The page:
Jul 09 2010

Clapham37’s Review Forum

Published by at 3:31 pm under Review Forums

Please see the comments below.

13 responses so far

13 Responses to “Clapham37’s Review Forum”

  1. Clapham37on 16 Jul 2010 at 3:49 pm

    Matthew Ball is unknowingly a Pariah, a mutated human with supernatural abilities, who inadvertently gets caught up in a struggle between a group of these Pariah’s and a squad of highly trained soldiers.

    – I haven’t really thought of a synopsis before, but I suppose that pretty much sums it up without revealing too much.

    – I’ve only writen the first chapter so far, (that was difficult enough :)) so I’ll just post that and see the reaction.

  2. Clapham37on 16 Jul 2010 at 3:51 pm

    “Don’t be such a baby,” the rather ironically baby-faced Kyle Black called out to his less ethically challenged classmate.

    And the irony was not lost on Matthew; he was just preoccupied with a moral dilemma of the highest importance. After all, the sign on the door that he stood halfway in clearly stated that “STAFF ONLY” were permitted behind the door, and his lowly age meant that he wouldn’t be able to work at the third largest Water Purification Plant in all of the Greater Metropolis of London for a few years yet.

    Matthew shuddered at the thought; there was no way he wanted to end up like the elderly tour guide who was supposed to be showing them around the remainder of the Plant with the rest of their fellow classmates. After said tour had spent the last hour and a half explaining the mind numbingly dull process of how they were able to separate the solids from the liquids, with a youth enthusiasm normally only displayed by a child on Christmas morning, Matthew needed little persuasion to sneak away from the group and try to find, what Kyle described, as “the real reason an old geezer could have so much fun at such a painfully boring place.”

    However, it wasn’t until Matthew had started to walk through the door that he had developed cold feet. He was, after all, the model student; not the brightest, but he was always on time to class, never late with his homework and he had a spotless record from years of good behaviour. All of which had led him to become some sort of social outcast in his school simply because he was one of the few who’d listen to their elder’s. Exactly how he had allowed himself to get caught up in the high jinks of the notorious ne’er-do-well known as Kyle, was beyond his comprehension.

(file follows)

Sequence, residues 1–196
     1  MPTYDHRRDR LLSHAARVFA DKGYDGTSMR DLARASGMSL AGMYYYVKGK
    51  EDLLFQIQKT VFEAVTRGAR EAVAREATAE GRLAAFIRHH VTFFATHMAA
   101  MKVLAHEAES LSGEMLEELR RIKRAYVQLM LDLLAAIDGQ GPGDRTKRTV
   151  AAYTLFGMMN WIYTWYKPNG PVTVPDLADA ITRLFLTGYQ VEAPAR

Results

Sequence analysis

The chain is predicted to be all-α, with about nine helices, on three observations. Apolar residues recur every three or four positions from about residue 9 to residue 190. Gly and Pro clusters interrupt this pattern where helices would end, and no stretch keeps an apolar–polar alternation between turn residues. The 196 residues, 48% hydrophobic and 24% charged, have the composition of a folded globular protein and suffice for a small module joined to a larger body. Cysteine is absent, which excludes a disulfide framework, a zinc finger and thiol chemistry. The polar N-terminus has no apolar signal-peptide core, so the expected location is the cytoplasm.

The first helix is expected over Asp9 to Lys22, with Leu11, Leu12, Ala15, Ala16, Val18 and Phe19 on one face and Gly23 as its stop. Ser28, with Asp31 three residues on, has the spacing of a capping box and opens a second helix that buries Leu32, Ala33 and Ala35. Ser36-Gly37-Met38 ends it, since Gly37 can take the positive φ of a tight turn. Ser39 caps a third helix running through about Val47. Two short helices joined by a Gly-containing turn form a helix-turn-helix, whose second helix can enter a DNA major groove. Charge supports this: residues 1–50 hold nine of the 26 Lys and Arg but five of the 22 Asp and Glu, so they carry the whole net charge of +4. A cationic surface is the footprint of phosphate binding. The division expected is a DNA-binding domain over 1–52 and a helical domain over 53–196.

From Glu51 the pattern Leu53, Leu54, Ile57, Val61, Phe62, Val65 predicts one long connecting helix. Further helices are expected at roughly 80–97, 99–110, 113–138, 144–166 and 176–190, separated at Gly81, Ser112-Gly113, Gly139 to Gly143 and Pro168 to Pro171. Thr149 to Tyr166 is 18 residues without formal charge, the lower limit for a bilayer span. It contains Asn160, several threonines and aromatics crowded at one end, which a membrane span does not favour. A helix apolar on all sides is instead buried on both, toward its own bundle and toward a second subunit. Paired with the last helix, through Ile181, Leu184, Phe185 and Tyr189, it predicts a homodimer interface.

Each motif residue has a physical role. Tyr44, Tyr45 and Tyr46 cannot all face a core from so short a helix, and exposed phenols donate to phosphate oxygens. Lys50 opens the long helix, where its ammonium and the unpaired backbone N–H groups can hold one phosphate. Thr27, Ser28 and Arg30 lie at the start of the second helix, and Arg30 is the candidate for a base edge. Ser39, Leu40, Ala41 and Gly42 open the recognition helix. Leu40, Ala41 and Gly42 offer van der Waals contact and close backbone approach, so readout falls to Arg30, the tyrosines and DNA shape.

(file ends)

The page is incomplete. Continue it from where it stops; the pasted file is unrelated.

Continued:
“You coming, Matty?”

    Oh, yes, that was why. The fault for his unusual lack of discipline lied solely with the third member of their group; who could have been mistaken for a clone of Kyle if it wasn’t for her friendlier demeanour, and the lack of a Y chromosome.

    For too long Matthew had desired to spend more time with the irresistibly lovable Hayley Roberts. He was normally limited to only a couple of hours a week, when she would be forced to leave her usual social circle and sit next to each other for the duration of their science classes. For the first term they would barely say two words to each other, but after a rare heroic act from Matthew where he covered for Hayley when she missed the deadline for an important piece of coursework, they were, at least for those few hours, the closest of friends. However, at this particular time, he was torn between spending time with the girl he adored and his common sense demanding that he turn around and join up with his class.

    “I don’t think I should”, Matthew’s nervously spoken disposition was met by a scoff from Kyle, who immediately began walking off. “I’m sorry, Hayley. I won’t tell anyone, I swear.”

    He began to retreat through the door, but stopped as Hayley firmly grabbed hold of his arm. His head moved from staring pitifully at his feet to see why the only girl he didn’t receive distasteful glances from wanted him to stay, ending up looking straight into her magnificently coloured hazel eyes, which seemed to peer equally as awkwardly at him. Instantly, it was as if everything else had seemed to simply cease to exist, and the two of them would probably be okay with it.

    “Come on Matty,” she spoke softly, her words meant only for him. “You only live once.”

    “Okay,” all the worries in his head had evaporated, replaced with thoughts about the colour of her eyes, the smoothness of her skin and exactly what kind of shampoo she used to achieve the angelic smell coming from her hair.

    Hayley released the vice grip on his arm and allowed him to walk through the door and close it behind him. They began to walk beside each other in pursuit of their classmate, though it might have been possible that they had both completely forgotten about Kyle.

    If he hadn’t yet, Matthew certainly did when Hayley’s hand suddenly grasped hold of his own, sweaty one, creating a slight squishing noise. He, hearing more of a deafening farting sound, pulled away his hand sharply away, almost yanking Hayley’s arm off in the process, and frantically wiped it dry on his trousers.

    “Sorry, I’m a little new to all of this,” he spoke referring to his new criminal life.